Harold Strachan's Last Word

Eighty plus


When I hit 80 years of age I thought, Well, now, I reckon I can call myself mature and settle down comfortably with quiet old folks and drink cups of tea and smile a lot. Except there weren’t any other old folks around where I lived, for some reason or another there were only people’s grandchildren, who didn’t drink tea, plus their friends who played guitars just all the time, man, I mean there wasn’t a moment’s silence, day or night. Restless youth, people called them, though being now mature I saw them as plain fidgety. All this I explained to my grandson.

Jamie, said I, I yearn for the remote silence of the wilderness, the comfort of Mother Nature, to sit in peace and hear the grass rustling and small birds cosily chatting to each other in small chirps, that sort of thing. Privacy in the vastness of the Universe. I understand, said he. Perfectly. Therefore you should come with me and my mates of the University Mountain Club to scale Champagne Castle next week, you can’t beat the top of the escarpment for all those comforts of the human spirit you talk of. Three days, easy, says he. One up, one down and one in between meditating at the top. Are you bloody mad or what? say I, I can walk only as far as the Pick n Pay these days. Two blocks away. Flat. Ah! said he, this is no problem, we will catch a lift with the Mountain Club to the Monk’s Cowl campsite and there take leave of them and hike about the flattish part of the wilderness and play nature-music on this my guitar and hitch-hike home when we feel like it.

You are indeed bloody mad, say I, I haven’t done any hitch-hiking since I was 20, when I hitched from Pietermaritzburg to London in eight months, and all I dreamed of all the way was nice comfortable train journeys the length of Africa, as envisioned by Cecil Rhodes, and Istanbul to Paris on the Orient Express.

But we go. I haul out from somewhere my old mountain boots with sporty red laces and rub them down with a bit of dubbin and we’re OFF with a couple of 4x4s full of yodelling youth. Tyrol, Tyrol, Tyrol, they sing, du bist mein Heimatland! By midday they are halfway to the top, Holdrioholdrioholdrioholdrio-kuku! whilst down here below, the small birds of the Gondwanaland wilderness emerge and cosily chirp to each other. Nunus rustle about in the African grass. Lovely, sporty, I feel but half my age sleeping on a piece of foam plastic on a whole lot of rocks, feeding on dehydrated food, boiled, no gravy.

I’m about ready for the hitch-hiking adventure on day three. Jamie, my boy, say I, I am ready for the h/h adventure but filled with foreboding, indeed I foresee our bones ground up as Chinese medicine on a shelf in Hong Kong and our organs dried up on wire hooks in a sangoma’s surgery. I mean hitch-hiking is not the romantic thing it used to be.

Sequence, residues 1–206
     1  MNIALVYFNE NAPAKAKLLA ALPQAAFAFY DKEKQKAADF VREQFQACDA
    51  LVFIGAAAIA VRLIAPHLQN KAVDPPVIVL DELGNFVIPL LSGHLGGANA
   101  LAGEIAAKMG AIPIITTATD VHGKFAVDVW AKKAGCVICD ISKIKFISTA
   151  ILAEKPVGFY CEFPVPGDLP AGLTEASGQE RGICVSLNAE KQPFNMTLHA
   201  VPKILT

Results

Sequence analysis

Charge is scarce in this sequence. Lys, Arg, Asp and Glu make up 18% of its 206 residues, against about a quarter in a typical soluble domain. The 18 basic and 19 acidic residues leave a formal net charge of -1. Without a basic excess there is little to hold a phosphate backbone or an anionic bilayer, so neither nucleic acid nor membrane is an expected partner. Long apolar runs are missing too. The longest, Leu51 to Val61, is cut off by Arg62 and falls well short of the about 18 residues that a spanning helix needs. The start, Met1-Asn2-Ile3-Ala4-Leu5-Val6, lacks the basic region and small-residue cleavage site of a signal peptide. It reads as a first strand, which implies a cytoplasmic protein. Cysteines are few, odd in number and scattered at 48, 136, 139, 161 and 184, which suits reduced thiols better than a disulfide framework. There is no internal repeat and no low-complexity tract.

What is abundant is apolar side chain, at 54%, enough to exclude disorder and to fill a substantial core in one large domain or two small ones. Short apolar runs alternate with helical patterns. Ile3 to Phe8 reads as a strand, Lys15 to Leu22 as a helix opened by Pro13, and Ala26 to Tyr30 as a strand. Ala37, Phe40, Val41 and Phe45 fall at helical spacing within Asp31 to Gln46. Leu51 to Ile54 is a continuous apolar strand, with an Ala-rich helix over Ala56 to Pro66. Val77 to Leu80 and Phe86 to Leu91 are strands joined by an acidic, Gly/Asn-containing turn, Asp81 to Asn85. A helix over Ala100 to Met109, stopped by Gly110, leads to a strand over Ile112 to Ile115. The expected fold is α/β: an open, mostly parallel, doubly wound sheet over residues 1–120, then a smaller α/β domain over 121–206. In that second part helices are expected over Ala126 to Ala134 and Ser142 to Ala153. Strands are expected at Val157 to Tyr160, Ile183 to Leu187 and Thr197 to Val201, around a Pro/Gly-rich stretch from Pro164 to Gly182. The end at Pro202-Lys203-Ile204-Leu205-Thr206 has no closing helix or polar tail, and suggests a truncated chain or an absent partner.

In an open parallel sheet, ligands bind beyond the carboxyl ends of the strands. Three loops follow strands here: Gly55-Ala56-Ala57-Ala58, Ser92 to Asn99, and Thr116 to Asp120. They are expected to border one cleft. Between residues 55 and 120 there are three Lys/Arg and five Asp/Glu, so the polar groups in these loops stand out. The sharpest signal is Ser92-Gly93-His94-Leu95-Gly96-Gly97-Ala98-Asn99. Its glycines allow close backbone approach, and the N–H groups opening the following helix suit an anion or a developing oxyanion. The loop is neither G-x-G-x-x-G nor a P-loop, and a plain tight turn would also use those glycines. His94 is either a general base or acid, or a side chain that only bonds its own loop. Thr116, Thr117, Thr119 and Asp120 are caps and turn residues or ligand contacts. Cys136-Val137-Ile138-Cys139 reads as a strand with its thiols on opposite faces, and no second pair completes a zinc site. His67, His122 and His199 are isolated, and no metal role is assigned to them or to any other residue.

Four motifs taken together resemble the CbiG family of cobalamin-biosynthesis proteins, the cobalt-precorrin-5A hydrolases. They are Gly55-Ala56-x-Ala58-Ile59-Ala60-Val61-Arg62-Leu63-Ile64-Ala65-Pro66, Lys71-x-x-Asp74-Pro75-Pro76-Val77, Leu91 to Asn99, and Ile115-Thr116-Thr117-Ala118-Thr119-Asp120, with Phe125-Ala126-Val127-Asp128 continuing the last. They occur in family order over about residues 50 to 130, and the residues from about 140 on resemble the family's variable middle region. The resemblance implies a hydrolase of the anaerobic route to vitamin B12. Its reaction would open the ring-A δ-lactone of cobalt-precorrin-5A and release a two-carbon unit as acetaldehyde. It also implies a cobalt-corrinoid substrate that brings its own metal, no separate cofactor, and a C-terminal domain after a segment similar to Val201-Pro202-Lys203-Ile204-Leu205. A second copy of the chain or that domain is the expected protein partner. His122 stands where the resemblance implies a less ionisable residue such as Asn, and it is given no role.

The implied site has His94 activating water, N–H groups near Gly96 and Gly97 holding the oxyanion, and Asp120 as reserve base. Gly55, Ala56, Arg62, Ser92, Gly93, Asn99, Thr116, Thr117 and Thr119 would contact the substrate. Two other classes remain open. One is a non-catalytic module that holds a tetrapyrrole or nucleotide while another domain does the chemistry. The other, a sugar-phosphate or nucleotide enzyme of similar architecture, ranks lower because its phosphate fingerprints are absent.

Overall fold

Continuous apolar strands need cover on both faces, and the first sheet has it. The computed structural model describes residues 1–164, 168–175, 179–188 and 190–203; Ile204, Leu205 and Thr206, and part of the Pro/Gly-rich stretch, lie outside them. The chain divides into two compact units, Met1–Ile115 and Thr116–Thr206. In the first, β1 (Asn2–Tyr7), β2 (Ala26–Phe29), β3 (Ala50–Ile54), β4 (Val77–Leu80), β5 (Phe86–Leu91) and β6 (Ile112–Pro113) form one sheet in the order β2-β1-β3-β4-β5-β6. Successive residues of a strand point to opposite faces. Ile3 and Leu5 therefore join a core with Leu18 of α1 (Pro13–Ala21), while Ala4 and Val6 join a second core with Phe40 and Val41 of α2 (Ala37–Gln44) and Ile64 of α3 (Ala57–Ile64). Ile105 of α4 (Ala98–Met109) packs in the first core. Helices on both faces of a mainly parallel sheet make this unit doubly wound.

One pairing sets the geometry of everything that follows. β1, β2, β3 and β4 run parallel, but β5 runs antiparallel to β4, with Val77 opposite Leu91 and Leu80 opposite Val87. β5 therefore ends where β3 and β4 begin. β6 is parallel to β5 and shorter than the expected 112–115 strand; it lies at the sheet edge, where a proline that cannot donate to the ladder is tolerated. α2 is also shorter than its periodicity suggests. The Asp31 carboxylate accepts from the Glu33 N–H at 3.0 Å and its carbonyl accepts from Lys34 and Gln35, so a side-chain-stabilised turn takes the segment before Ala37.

It is in your own aged mind that romance has shrivelled up on a wire hook, he replies. Your normal motorist is enchanted at the sight of roadside folks playing peaceful guitar music and maybe singing small personal songs. You’ll see. Come along now. So we’re off, and catch our first lift to Nottingham Road with a couple from the campsite, and there we sit hour after hour on the old road across KZN, a good thing because hitching on a freeway is unlawful, but a bad thing because there is no traffic to speak of. Getting on in the afternoon with Jamie patiently twanging away, myself seeing us sleeping rough in a donga, suddenly there’s one hell of a blast on an air horn across the landscape behind us and there, of all things, stands a train, with the driver beckoning us across. A full-on goods train, bloody nigh a kilometre long, I reckon, and two great throbbing electric locomotives noisily roaring their impatience as we struggle through a barbed wire fence and pound across the veld. Getting aboard from ground level is not easy. A huge hand reaches down and heaves me up, more or less bodily. I seen your guitar, says the owner. Me, I play the konsertina. This ou here is Zondi, he’s the driver. Me, I am Viljoen, but they call me Biltong. I am the fireman. There isn’t a fire any more, hey, that is from old steam days, it really mean I am the second driver in case ou Zondi drop dead, laaik.

Good musicians fall easily into companionship. Well, compatibility I suppose I should say. In two twos, three at the most, Jamie and Biltong have got the Boeremusiek going; this is a waltz in the key of e-minor, the sentimental one. Zondi smiles, he and Biltong have spent the long lonely hours together. I am once again 20, hitching as the sun went down in the Northern Transvaal, hearing the far-off nostalgic voice of the concertina, wistful and a little bit sad in that key, and going off-road to the distant house lit by paraffin lamps, where always there is a handshake and an easy smile for the lonely traveller, and a bed, for that is our history and our heritage.

We arrive in Durban in the middle of the night, way out in some remote shunting yard. En toe? What now? How to get eight kays across Durbs to our home? There are two bunks in the second loco, says Zondi. You can sleep there if you like.

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